Easter’s usually a time associated with spring. But because it was incredibly late this year, and because of an unusually warm week, Easter in Holland last weekend was more like summer.
Now, the end of April is usually lovely in The Netherlands, but in a spring-y kind of way. Chilly mornings morphing into sunny afternoons when you can finally feel the warm sun on your bare arms if you can find a spot out of the wind. This Easter, the temperatures were above 25 degrees Celsius; the green sheet of pollen that descends every year hadn’t yet fallen, the leaves on the trees hadn’t even fully unfurled yet, and the trees themselves looked like baobabs, all trunk and tiny leaves giving off a kind of unsatisfying lattice shade.
So it seemed odd to have to go for a swim in a lake to cool off before the lilacs were even out, and while the scent of cherry blossoms still lingered in the air.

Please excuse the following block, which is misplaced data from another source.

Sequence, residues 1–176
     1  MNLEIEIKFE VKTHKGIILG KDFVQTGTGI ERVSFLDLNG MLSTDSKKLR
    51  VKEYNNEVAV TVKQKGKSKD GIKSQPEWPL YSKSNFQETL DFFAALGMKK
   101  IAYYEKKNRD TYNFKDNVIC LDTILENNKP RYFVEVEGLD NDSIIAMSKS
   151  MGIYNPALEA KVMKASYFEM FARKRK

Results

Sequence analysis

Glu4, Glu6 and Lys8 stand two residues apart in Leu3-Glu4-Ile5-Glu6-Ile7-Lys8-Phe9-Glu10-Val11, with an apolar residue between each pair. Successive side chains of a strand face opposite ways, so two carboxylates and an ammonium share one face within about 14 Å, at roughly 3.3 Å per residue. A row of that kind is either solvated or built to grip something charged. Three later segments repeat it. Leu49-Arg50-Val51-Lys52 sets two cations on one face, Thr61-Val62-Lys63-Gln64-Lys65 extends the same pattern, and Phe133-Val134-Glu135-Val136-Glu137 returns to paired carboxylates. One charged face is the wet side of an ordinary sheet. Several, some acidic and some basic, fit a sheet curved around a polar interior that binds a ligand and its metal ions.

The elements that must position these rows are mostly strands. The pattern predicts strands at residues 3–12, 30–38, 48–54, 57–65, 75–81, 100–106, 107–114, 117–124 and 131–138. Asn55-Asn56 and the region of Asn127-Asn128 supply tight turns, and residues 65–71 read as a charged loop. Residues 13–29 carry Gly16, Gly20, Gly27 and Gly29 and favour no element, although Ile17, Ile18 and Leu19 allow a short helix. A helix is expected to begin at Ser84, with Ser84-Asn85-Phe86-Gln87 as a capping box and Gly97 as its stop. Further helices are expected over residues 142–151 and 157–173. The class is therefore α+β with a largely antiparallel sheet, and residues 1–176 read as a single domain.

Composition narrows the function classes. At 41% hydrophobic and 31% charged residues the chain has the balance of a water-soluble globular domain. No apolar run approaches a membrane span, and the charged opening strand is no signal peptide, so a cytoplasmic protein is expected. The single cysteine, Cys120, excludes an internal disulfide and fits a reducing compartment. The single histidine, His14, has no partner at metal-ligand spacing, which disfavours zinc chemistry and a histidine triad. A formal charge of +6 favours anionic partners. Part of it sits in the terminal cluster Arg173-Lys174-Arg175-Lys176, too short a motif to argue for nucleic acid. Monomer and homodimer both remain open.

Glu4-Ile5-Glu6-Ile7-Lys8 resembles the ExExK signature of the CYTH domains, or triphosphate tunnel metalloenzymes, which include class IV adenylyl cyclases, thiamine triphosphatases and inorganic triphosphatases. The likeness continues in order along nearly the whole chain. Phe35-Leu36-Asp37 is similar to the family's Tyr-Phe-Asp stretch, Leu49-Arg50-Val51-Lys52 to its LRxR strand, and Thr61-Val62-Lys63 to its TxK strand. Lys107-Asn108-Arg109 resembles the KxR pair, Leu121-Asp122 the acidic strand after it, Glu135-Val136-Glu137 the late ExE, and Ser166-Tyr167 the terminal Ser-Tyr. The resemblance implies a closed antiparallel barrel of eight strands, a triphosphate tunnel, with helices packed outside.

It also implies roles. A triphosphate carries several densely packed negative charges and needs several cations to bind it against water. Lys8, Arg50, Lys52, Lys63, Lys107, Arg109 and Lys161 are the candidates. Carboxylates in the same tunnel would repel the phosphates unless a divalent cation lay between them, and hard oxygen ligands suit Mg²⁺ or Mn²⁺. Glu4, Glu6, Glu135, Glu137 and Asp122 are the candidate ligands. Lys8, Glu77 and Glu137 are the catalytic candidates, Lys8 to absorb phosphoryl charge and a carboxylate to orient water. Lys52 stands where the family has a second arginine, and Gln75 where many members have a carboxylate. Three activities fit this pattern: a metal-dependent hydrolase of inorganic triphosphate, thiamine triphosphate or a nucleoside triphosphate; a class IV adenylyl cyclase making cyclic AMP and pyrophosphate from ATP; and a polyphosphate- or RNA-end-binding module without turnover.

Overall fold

Or feeling the waves of held heat between the trees while biking along Friesian lanes at sunset, alternating with a sort of cold reality.
It was summer before the mosquitoes were really out, but also before anyone had it in their minds to build a campfire at night.
Lovely, but if this is a precursor for warmer springs ahead, it’ll take some getting used to. (On Easter Sunday, there was a worry that the chocolate eggs might melt before the kids found them.)
It’s hard to know what’s an outlier, and what’s the result of global warming and I guess that’s the problem with most things related to how we use the planet. We won’t know, or even begin to listen, til it’s too late.